Tanya Huff, |
Tanya Huff brings her series of novels about feisty Toronto private investigator Vicki Nelson to a conclusion in Blood Debt.
Henry Fitzroy -- romance novel writer, bastard son of Henry VIII and 450-year-old vampire -- has left Toronto for Vancouver in order to make room for another vampire. Normally, he'd stand his ground against an intruder on his turf, but in this case, the new vampire is none other than Vicki Nelson.
It has been two years since the grisly living nightmare in a Queens University life sciences laboratory which resulted in Henry "changing" Vicki as the only means of saving her life. He is happily ensconced in Vancouver with Tony, a former street kid. Although normally he would not maintain contact with Vicki after the year of teaching her how to hunt for her food, through Vicki's persistence, he has maintained cordial communications with her.
For her part, Vicki is now living with Mike Celucci, who in turn has become accustomed to being the lover and occasional snack for a vampire who brims with vigor. Vicki has continued to be a private investigator, although her activity has since been constrained to evening hours, and one night, she gets a call from the last person she ever expected to have as a client: Henry Fitzroy.
Lately, upon waking at sunset, Henry has been confronted by a silent ghost. Henry soon learns that he may ask one question. If the answer is "yes," then the ghost leaves for the rest of the night. If the answer is "no," then the despairing wail of the ghost causes someone, usually an innocent, to die. Henry knows that hiring Vicki is his only chance of figuring out what the ghost wants. His phone call leads to an unexpected development -- Vicki wants to go out to Vancouver with Celucci and take on the ghost in person.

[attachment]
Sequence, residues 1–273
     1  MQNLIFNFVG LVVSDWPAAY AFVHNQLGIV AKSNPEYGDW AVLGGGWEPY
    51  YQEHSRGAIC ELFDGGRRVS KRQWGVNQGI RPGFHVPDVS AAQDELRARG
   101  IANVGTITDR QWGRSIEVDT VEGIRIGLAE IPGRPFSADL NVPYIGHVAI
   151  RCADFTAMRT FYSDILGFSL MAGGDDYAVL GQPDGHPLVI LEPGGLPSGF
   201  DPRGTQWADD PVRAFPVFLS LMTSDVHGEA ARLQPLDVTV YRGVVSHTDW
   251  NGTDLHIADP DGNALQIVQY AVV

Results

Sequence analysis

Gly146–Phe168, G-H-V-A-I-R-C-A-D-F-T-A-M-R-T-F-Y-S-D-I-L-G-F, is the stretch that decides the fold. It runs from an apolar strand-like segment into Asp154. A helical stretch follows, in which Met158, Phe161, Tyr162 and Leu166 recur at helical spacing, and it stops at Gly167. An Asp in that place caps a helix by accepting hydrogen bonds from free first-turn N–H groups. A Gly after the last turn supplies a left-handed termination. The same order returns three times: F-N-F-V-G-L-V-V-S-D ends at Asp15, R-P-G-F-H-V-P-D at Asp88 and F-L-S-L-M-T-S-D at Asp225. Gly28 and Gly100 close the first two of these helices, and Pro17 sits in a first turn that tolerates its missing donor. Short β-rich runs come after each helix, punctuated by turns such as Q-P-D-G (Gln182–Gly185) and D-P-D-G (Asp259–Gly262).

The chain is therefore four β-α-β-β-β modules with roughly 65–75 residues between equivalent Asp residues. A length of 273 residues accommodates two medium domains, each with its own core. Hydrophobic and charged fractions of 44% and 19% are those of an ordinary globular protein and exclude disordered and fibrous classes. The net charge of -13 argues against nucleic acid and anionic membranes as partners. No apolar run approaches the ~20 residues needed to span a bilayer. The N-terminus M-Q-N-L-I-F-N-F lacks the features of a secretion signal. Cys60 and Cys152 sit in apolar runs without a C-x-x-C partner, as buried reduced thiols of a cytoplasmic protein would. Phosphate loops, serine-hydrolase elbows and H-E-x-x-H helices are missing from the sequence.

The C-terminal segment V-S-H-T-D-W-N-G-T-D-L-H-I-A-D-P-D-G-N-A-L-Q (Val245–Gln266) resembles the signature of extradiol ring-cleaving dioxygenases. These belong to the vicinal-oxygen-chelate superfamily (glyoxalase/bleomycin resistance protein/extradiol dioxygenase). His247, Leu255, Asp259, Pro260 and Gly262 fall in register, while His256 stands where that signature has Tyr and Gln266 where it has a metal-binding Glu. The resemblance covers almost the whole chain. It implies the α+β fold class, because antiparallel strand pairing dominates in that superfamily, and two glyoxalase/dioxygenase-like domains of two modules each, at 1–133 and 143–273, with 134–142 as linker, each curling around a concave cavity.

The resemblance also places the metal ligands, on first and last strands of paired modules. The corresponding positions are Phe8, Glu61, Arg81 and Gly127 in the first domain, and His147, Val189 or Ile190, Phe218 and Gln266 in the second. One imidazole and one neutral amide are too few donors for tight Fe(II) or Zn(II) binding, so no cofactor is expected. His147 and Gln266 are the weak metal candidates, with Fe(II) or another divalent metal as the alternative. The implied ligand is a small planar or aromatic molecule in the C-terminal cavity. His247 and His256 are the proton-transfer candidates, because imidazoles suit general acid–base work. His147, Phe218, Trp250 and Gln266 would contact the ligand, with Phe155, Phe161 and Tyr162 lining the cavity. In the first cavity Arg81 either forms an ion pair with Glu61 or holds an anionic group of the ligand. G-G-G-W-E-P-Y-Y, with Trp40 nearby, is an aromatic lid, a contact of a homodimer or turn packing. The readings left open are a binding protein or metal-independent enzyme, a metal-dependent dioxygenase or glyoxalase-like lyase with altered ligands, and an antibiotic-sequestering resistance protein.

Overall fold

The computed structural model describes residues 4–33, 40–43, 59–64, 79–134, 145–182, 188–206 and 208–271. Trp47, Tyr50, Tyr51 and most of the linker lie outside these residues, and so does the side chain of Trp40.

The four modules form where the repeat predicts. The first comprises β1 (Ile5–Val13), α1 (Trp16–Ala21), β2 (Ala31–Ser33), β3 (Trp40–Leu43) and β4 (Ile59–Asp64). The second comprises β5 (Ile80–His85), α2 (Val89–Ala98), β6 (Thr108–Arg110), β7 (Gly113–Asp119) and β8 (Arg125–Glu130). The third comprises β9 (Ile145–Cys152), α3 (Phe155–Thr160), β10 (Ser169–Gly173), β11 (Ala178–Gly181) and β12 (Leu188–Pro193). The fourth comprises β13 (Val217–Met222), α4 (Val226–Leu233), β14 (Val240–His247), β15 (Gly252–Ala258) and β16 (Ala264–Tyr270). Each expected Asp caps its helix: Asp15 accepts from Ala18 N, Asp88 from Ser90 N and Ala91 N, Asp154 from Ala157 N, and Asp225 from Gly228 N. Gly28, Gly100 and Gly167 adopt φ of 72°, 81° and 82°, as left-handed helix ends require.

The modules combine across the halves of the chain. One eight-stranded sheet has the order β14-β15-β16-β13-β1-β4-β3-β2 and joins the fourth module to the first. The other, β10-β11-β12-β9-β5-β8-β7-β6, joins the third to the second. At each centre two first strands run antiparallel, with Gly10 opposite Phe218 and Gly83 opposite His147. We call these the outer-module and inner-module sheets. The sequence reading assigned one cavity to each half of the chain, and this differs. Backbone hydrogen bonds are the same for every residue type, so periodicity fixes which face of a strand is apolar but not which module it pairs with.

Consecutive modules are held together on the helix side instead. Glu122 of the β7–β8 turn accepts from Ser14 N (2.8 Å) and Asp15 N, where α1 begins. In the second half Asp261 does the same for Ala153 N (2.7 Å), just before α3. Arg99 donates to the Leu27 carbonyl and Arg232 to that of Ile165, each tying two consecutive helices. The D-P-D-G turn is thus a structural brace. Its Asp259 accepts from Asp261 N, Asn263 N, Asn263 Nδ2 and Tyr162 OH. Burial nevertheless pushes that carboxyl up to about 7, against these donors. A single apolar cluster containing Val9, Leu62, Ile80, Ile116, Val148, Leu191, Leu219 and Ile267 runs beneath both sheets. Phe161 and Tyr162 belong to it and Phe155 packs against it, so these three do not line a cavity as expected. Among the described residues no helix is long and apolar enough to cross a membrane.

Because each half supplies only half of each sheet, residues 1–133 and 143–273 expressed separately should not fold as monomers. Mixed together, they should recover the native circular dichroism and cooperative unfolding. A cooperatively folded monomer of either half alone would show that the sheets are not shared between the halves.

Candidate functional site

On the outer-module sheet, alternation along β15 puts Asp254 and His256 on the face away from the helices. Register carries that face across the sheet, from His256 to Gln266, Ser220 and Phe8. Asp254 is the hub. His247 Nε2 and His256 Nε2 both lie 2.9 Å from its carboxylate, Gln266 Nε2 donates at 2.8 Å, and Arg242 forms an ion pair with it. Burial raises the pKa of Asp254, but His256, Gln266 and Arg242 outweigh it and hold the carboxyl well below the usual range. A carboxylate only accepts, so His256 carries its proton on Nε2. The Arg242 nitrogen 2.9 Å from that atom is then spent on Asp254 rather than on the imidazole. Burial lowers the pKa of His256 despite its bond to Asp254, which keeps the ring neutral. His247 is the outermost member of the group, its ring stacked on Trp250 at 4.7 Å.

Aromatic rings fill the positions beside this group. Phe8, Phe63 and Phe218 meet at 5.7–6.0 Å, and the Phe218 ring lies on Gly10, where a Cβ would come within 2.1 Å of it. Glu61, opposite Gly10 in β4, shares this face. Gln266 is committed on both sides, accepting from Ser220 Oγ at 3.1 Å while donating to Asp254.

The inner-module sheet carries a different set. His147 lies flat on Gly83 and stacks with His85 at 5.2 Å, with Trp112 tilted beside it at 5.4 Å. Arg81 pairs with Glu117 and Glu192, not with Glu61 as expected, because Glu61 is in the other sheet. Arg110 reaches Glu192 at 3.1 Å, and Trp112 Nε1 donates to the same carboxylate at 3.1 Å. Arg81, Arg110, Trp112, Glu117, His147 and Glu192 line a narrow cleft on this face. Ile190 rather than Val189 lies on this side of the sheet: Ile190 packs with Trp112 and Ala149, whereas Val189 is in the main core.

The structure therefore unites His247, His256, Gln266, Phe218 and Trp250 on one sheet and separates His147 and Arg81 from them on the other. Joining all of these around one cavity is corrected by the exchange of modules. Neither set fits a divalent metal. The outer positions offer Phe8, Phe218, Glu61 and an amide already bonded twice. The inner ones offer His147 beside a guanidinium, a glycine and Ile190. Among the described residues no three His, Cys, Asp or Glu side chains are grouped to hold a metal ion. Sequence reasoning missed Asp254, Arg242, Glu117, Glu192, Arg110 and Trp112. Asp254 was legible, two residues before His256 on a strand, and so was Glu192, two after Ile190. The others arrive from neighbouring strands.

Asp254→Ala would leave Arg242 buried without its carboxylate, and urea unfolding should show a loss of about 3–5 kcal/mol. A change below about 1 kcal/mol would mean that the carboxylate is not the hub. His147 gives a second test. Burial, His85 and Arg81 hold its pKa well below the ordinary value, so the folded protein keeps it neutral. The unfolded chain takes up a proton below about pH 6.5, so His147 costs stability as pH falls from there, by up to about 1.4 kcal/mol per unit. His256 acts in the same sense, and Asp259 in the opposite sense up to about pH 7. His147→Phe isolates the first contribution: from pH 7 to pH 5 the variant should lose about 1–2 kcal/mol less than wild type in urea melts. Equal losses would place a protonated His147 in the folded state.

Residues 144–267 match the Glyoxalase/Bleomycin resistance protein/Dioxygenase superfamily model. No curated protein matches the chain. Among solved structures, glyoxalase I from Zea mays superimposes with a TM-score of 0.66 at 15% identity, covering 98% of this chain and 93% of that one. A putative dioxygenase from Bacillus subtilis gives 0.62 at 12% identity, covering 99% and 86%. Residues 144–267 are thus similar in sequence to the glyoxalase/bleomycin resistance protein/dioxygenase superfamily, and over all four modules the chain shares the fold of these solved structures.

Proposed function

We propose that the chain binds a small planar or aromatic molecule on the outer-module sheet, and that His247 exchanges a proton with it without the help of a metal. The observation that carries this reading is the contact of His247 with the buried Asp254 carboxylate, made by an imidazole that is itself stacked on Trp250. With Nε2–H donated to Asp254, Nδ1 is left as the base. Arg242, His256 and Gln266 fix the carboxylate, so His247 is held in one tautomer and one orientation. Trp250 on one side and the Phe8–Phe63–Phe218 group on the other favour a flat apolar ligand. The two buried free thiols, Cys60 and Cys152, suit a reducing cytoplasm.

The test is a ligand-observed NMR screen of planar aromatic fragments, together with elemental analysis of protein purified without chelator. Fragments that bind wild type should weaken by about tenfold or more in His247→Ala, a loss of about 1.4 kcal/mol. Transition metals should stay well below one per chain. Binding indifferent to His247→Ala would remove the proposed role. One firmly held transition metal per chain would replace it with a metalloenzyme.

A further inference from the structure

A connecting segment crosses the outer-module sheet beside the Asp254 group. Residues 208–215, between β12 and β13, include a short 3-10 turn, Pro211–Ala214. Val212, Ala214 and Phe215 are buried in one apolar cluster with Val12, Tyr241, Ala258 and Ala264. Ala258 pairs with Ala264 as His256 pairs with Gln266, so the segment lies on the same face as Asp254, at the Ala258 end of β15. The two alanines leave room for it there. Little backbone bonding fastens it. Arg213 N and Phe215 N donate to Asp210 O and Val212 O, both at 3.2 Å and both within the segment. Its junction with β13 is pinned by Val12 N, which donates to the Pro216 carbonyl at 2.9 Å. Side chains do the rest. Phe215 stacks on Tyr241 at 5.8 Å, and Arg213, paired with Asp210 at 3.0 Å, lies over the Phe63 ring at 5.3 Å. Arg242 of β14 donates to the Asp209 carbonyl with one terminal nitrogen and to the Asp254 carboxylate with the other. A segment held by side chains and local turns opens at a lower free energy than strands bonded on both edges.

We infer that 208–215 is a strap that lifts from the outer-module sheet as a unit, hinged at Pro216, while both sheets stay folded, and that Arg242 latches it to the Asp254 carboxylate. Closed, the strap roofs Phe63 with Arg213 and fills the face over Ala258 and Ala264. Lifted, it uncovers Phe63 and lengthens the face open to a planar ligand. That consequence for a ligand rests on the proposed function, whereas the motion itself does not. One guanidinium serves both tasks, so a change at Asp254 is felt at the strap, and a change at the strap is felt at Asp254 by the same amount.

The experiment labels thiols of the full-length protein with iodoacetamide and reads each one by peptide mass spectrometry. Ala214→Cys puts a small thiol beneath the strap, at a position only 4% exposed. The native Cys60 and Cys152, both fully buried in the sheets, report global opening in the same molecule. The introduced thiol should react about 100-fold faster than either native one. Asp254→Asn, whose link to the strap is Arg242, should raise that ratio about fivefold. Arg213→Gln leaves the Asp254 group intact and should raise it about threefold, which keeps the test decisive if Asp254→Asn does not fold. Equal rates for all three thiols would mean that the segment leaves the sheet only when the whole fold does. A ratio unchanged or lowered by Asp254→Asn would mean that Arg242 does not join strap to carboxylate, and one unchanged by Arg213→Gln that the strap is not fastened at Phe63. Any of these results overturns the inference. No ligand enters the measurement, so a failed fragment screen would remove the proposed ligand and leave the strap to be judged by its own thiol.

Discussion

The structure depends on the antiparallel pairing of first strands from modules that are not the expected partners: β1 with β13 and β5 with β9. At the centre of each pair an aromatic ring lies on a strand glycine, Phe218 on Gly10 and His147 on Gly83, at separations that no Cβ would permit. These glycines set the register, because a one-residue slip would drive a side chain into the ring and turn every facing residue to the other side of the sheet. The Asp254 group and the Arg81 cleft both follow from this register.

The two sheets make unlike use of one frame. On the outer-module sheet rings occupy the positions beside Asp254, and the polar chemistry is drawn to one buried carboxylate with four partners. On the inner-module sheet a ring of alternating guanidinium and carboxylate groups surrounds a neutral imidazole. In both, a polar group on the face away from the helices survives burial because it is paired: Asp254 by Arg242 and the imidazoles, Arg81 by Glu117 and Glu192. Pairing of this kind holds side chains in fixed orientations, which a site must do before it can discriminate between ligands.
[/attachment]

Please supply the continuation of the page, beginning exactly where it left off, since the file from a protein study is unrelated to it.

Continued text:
Henry knows that the city is too small to handle two vampires, but Vicki soon proves him wrong. After a nearly deadly start, they strike an uneasy truce and, with Celucci's help, begin to unravel the mystery, involving organs, organ donors (willing or not), doctors, philanthropists and television talk show hosts. Although Henry stubbornly tries to resist this clear violation of vampire law, he finds that perhaps the rules aren't so cut and dried.
For the most part, the pace is breakneck, although the continued tension between Henry and Vicki begins to pall a bit as the reader wishes they would just realize that they can get along perfectly well. Although the story has a dark swath in it, there is plenty of humor which balances the book. Huff incorporates telling details: for example, vampire Vicki tends to fall into her morning sleep right in the middle of a thought.
Although it's sad to think there will be no more Vicki Nelson books, Huff makes a wise decision in bringing the series to a close, and she has chosen just the right place for it. This whole series stands up to the test of rereading. If you're a Huff/Nelson fan, then you owe it to yourself to pick up Blood Debt.
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